We have just published a set of papers for our twelfth topic, Infrastructure.
What would happen if we brought broadband internet to 3 billion people in the developing world?
Clearly, the rapid rollout of broadband services has transformed the lives of people in the industrialized world, and there is every reason to expect that developing countries could benefit at least as much. It would enable a host of new enterprises and all the spillovers that come with it - more jobs, greater efficiency, bigger markets for goods and services, and faster innovation. It would also assist in achieving better outcomes in education, health and poverty reduction. In short, it would deliver a significant boost to GDP.
As reported by AFP across the world (also in Russian and Indonesian language) and the Wall Street Journal, one of the biggest opportunities is in mobile technologies. Mobile phone use is already spreading rapidly in developing countries, avoiding the need for old-style fixed infrastructure, and data services can use the same system.
One scenario envisions we increase developing countries mobile broadband access from 21% in 2014 to 60% in 2030, bringing 3 billion people online over the next 15 years. Already by 2020, the benefits would be almost half a trillion annually, and these would increase further towards 2030. Over the coming decades the total benefit would reach almost $22 trillion.
These eye-catching numbers come at significant cost - $1.3 trillion over 15 years. But it would be money well spent because every dollar invested returns $17 in benefits.
Annual Cost ($B)
Benefit For Every Dollar Spent
Increase World fixed broadband penetration by three-fold from 2014 levels (from 10% to 30% in 2030)
Increase Developing countriesâ€™ fixed broadband penetration by approx. three-fold from 2014 levels (from 6% to 20% in 2030)
Increase World mobile broadband penetration by approx. three-fold from 2014 levels (from 32% to 90% in 2030)
Increase Developing countriesâ€™ mobile broadband penetration by approx. three-fold (from 21% in 2014 to 60% in 2030)
Increase World penetration of Fixed+ Mobile Broadband from 42% in 2014 to 100% 2030 (assuming to reach the target with 1/3 of fixed lines and 2/3 of mobile connections)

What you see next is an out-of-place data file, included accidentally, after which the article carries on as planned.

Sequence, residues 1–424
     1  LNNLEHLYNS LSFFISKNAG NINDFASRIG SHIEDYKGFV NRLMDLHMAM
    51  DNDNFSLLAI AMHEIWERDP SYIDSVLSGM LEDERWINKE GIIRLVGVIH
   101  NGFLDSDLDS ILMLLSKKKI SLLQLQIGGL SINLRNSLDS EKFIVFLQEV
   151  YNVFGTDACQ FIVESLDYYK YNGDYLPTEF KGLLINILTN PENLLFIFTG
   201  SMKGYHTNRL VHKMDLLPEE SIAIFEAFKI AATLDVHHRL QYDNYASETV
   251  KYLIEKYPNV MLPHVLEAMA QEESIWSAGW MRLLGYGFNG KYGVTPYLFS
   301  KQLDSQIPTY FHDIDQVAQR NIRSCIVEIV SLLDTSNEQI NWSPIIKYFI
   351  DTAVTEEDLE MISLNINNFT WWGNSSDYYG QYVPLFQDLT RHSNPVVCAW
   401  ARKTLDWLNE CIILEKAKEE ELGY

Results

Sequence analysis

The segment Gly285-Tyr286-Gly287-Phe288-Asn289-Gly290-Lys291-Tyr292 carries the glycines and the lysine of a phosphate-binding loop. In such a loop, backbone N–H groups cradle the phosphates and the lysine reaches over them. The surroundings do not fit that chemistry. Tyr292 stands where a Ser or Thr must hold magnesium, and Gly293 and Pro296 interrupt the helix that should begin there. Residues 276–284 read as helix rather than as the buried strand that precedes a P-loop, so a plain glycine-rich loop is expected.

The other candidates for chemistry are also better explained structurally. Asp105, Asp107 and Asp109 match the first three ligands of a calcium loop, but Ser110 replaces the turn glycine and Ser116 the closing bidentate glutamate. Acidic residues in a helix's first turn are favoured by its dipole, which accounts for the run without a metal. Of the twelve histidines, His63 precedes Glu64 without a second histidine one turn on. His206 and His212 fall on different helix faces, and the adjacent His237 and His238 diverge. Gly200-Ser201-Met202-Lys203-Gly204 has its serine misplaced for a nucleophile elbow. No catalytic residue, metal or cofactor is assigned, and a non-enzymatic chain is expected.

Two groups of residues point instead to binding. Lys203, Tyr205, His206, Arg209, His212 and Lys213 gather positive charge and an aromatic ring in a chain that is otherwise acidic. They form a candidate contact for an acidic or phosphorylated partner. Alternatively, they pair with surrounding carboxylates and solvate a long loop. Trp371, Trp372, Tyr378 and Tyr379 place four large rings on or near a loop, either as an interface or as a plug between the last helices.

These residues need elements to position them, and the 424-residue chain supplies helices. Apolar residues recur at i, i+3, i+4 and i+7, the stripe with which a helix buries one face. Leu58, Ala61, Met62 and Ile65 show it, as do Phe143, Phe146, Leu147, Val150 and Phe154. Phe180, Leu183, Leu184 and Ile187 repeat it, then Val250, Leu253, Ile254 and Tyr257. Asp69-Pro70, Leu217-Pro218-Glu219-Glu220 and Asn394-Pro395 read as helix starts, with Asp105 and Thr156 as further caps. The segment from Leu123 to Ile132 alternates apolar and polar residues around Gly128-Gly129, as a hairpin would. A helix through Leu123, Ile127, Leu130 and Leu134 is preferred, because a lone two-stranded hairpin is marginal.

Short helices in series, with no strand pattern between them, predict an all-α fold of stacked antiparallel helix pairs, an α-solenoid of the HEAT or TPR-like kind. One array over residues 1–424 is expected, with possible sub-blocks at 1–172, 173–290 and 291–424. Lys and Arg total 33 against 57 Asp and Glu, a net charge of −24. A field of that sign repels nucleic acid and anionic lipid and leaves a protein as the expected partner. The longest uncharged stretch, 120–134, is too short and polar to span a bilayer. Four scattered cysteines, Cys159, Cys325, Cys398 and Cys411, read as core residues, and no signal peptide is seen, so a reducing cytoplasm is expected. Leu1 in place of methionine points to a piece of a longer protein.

Increase Developing countriesâ€™ penetration of Fixed+ Mobile Broadband from 27% in 2014 to 80% in 2030 (reaching the target with 1/3 of fixed lines and 2/3 of mobile connections)
Universal fixed broadband penetration by the year 2030
Universal mobile broadband penetration by the year 2030
You can read all of the reports at www.post2015consensus.com/infrastructure
Here, Copenhagen Consensus Center has just released its latest research on Infrastructure targets for the post-2015 development agenda. Emmanuelle Auriol, Professor at the School of Economics, University of Toulouse and Alexia Lee GonzÃ¡lez Fanfalone, Doctoral candidate at the School of Economics, University of Toulouse write the main report, peer-reviewed in a perspective paper by Pantelis Koutroumpis, Research Fellow at Imperial College London Additionally, NGOs and stakeholders such as Urban Institute and Alliance for Affordable Internet present viewpoint papers concerning Auriol and Fanfaloneâ€™s analysis.
PhD and Adjunct Professor
President of Copenhagen Consensus Center
PS. The Post-2015 Consensus project brings together 62 teams of economists with NGOs, international agencies and businesses to identify the targets with the greatest benefit-to-cost ratio for the UN's post-2015 development goals. If you have questions about the project, send an email to Research Project Manager Brad Wong by replying to this email.